Known as a robe á la francaise, this gown illustrates a style of dress worn at mid-18th century English royal court and reflects a French influence on period fashions. The silk brocade skirt opens over a matching underskirt. Typically, the open bodice front was filled by a triangular panel called a stomacher, which in this case, did not survive. At the back, pleats fall straight from shoulder to hem.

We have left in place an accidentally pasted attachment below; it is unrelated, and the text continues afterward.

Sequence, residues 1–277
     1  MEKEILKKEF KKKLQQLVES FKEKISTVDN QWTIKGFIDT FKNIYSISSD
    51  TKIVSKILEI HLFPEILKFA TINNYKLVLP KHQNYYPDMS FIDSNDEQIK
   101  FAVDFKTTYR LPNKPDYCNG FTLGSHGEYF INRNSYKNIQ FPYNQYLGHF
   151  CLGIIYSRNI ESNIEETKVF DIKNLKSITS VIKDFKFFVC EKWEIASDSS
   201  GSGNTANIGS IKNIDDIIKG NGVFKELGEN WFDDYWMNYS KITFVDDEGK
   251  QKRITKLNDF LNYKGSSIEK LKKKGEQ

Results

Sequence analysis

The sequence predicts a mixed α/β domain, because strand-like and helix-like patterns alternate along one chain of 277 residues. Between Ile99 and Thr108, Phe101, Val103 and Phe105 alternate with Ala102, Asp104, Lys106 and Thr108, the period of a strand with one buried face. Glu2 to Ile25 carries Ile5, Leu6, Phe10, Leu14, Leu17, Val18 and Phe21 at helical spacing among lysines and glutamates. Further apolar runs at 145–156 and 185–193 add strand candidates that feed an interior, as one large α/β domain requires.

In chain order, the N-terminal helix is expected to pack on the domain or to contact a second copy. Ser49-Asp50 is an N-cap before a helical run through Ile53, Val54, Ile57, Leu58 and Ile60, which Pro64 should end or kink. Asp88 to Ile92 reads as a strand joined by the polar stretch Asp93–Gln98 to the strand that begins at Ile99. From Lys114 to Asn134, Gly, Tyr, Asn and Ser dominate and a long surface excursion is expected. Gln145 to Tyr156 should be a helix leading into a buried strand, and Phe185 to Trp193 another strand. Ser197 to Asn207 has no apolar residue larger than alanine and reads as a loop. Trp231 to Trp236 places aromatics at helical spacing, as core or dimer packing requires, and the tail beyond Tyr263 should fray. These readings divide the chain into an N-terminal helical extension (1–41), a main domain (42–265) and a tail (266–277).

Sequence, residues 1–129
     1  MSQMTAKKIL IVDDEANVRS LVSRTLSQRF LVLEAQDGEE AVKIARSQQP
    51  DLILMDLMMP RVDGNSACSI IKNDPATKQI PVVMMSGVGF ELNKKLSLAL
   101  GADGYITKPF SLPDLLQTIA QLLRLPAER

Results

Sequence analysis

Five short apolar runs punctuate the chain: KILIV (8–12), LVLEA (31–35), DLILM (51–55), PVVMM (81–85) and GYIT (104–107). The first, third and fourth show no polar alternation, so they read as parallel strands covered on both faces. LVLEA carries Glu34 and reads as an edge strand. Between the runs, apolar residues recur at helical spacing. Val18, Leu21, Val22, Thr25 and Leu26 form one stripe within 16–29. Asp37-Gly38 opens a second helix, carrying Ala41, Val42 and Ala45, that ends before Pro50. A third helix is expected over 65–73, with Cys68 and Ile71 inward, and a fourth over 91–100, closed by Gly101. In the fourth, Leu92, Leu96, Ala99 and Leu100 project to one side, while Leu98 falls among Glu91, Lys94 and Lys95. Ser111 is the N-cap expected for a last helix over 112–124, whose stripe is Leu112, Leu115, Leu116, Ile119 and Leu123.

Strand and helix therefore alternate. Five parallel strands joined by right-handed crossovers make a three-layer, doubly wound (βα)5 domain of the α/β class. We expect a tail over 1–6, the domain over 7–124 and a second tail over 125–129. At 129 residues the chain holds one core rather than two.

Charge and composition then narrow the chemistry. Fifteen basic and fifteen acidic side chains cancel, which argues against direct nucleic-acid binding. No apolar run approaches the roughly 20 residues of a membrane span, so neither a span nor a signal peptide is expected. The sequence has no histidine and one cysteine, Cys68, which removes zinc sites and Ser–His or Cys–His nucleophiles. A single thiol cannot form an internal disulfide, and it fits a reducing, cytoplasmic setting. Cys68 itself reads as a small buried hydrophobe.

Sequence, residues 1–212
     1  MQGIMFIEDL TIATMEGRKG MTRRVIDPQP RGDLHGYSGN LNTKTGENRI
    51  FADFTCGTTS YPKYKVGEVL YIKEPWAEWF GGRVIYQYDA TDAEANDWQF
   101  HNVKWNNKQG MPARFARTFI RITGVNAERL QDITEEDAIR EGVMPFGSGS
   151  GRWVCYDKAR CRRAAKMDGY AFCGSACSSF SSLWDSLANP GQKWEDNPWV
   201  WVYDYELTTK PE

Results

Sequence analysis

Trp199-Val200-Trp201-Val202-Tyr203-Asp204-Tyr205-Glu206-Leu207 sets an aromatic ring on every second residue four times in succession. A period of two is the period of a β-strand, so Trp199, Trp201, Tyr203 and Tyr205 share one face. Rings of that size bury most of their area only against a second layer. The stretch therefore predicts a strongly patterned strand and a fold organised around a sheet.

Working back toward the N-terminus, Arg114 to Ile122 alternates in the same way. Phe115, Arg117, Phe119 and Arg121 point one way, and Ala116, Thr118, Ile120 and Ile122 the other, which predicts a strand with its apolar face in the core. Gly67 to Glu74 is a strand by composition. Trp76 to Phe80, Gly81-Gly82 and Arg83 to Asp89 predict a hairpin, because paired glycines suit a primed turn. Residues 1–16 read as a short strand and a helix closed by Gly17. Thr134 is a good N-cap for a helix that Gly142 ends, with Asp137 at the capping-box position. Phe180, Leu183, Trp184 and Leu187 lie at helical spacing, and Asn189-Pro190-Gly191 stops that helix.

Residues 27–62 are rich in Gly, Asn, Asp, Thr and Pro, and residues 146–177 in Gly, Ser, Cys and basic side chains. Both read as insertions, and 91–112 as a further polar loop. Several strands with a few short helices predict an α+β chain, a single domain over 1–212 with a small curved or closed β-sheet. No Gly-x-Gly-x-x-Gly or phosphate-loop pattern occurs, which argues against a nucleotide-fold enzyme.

It’s unlikely such a dress was worn in Maine, especially by this time, when the style was typically only worn at court. This dress is associated with Mary Hammond Murdock (d. 1770) of Philadelphia, whose descendants later lived in Maine. Family lore stated Murdock wore the dress at George II’s court, who reigned from 1727-1760. The brocade fabric dates from about 1750 to 1765, but the dress style is closer to 1775, around the start of the American Revolution and during the reign of George III. Mary Murdock’s death in 1770 further complicates the story. Family stories also note Murdock’s unnamed sister was a bridesmaid at George III’s wedding. Perhaps the dress stems from that relationship.
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